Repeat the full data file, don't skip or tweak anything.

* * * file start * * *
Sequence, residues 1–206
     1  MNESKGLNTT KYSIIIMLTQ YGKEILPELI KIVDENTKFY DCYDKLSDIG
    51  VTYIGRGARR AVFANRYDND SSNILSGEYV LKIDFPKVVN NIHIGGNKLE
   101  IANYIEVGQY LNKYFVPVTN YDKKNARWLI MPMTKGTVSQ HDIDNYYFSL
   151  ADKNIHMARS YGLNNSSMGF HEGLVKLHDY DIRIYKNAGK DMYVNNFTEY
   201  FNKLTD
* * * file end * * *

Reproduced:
Sequence, residues 1–206
     1  MNESKGLNTT KYSIIIMLTQ YGKEILPELI KIVDENTKFY DCYDKLSDIG
    51  VTYIGRGARR AVFANRYDND SSNILSGEYV LKIDFPKVVN NIHIGGNKLE
   101  IANYIEVGQY LNKYFVPVTN YDKKNARWLI MPMTKGTVSQ HDIDNYYFSL
   151  ADKNIHMARS YGLNNSSMGF HEGLVKLHDY DIRIYKNAGK DMYVNNFTEY
   201  FNKLTD